Let’s get this out of the way: “Living on Love” might not be the best sounding title. Perhaps you might be expecting the average generic comedy—maybe a “Barefoot in the Park” wanna-be.
But this show, in its Southern premiere at Stage Door, is much funnier than that. With one foot in the world of farce, another in the world of fine music, and several more assorted feet in the world of plain old funny stuff, Joe DiPetro’s play is a delight. Artistic Director Robert Egizio proves once again he knows his way around the fine-tuning of audience laughter.
Think 1957. A maestro, already a legend in his own mind, has a book contract for his memoir (“Call Me Maestro,” of course). But seven writers have given up the ghost in attempting to jump-start it with him. Enter editor Iris. Maestro Vito shows more than a literary interest. His jealous wife, the Diva Raquel from the world of opera, hires young Robert for her own memoir (“Call Me Diva.”). Cue the hijinks.
Casting makes the comedy, and this one hits more high notes than even the Diva. All six players are flawless. Michael Strauss is a madcap Italian Vito, refusing to rely on the easy laugh of a continental accent. He handles not only the comedy but the rare moments of tenderness. Denise Whelan returns to Stage Door in the role of Raquel, the aging diva. She’s wonderful, whether bursting into melody at odd moments or worrying about her fate as a mezzo. Nobody hits a false note—comically or musically.
Lauren Boyd Lane is a face to watch. As editor Iris, she has the kind of comic chops that can’t be taught. She has a wonderful presence. Roger Payano (Robert) is the nervous young writer who is over the moon with the diva and simply over the maestro. Often the straight man (but not always) he helps bring the very best out of his cast-mates. And, don’t forget the servants, George Deavours and Stuart Schleuse. They work perfectly in tandem, even more so than it first appears.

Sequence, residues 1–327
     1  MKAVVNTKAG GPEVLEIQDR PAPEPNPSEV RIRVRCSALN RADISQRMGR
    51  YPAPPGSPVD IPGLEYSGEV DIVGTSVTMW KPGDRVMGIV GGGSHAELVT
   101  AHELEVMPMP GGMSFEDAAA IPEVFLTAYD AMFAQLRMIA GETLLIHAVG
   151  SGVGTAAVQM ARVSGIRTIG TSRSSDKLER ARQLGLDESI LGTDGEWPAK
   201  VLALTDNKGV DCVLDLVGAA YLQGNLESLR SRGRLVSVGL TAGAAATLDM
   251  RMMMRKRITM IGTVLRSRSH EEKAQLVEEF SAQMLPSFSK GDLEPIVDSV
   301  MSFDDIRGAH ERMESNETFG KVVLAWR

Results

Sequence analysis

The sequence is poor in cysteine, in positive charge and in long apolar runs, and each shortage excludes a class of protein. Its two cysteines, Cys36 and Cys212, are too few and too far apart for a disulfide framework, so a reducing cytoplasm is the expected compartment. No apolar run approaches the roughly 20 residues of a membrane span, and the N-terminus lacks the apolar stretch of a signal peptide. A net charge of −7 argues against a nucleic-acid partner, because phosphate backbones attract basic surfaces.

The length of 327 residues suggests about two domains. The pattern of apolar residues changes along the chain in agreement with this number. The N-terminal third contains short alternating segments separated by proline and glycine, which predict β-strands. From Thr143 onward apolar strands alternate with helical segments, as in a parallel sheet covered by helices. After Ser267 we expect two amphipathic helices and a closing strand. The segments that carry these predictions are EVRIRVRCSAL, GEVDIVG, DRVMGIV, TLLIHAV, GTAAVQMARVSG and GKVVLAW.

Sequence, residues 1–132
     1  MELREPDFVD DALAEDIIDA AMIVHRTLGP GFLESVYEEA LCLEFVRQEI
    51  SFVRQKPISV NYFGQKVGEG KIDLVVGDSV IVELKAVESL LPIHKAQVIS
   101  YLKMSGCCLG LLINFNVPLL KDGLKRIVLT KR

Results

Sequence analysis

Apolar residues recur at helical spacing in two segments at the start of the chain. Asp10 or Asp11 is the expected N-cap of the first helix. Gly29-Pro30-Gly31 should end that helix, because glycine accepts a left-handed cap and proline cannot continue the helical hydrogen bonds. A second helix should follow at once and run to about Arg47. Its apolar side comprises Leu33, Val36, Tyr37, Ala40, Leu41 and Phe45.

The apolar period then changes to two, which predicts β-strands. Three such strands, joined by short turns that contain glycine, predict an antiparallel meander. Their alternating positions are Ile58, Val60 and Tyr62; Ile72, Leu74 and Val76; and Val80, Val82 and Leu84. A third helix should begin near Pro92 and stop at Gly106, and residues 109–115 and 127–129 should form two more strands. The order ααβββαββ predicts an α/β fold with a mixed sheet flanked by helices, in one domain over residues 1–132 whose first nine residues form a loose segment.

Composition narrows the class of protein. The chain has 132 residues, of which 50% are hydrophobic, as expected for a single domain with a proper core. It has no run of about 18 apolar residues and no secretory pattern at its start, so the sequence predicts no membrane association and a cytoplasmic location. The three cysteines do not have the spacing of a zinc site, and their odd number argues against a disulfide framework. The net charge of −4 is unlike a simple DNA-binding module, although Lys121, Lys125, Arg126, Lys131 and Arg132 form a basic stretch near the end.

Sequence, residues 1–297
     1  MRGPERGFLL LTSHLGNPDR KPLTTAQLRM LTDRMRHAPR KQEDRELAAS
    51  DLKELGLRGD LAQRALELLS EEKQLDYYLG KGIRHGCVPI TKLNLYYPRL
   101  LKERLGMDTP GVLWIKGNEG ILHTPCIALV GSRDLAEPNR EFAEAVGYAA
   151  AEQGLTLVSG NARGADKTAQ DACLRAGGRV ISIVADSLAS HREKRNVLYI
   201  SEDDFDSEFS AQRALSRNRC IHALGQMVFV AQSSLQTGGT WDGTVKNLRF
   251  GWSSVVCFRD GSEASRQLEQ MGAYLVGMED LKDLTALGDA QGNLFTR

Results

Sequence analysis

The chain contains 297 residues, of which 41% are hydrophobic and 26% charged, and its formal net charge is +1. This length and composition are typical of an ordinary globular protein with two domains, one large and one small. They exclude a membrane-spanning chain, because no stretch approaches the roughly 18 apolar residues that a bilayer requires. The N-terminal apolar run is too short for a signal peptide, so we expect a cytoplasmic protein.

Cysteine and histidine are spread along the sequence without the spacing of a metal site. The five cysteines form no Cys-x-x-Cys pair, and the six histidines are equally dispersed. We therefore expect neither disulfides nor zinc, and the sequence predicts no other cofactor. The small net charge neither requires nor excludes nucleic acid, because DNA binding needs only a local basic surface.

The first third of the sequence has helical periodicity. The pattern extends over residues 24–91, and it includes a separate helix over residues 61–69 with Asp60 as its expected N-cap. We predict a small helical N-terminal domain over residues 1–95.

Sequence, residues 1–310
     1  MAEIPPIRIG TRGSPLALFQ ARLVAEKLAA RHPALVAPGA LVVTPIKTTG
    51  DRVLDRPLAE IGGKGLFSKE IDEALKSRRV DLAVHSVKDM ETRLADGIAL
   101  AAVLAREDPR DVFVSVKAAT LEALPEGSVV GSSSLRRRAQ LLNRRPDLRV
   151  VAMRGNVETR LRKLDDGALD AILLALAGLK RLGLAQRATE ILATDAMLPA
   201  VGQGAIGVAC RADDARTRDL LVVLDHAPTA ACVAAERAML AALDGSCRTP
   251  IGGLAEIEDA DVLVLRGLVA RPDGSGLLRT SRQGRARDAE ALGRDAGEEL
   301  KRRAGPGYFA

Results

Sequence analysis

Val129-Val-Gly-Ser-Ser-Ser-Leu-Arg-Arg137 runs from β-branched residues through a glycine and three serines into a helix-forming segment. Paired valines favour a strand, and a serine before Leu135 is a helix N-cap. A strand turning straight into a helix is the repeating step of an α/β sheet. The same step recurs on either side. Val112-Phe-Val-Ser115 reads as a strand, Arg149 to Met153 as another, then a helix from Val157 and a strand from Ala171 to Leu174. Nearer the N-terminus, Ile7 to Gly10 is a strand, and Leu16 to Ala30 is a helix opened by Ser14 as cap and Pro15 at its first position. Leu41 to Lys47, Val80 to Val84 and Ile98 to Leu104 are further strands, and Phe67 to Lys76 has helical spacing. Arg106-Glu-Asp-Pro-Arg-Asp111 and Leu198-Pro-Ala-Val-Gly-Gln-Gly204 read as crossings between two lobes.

The best farces are made to look easy by an accomplished cast; in reality, nothing in theater is harder to pull off. Under Egizio’s direction, this production may well be the bright light in an already strong season. Supporting this superb cast is the stellar technical crew, which includes Chuck Welcome (Set Design/Scenic Artist), J.D. Williams (Lighting Design), Kathy Ellsworth (Properties Design), Jim Alford (Costume Design), Rial Ellsworth (Sound Design), George Deavours (Wig Design), and A.J. Stevenson (Stage Manager).
“Living on Love” continues through June 10 with performances at 8 p.m. on Fridays and Saturdays and at 2:30 p.m. on Sundays. There are two additional Thursday performances on May 31 and June 7 at 8 p.m. You’ll want to grab your tickets while you can, because this one is going to be a word-of-mouth sensation around Dunwoody.
Stage Door Players is located in the North DeKalb Cultural Arts Center, 5339 Chamblee-Dunwoody Road, Dunwoody and on the web at stagedoorplayers.net. For more information or to purchase tickets, call 770-396.1727.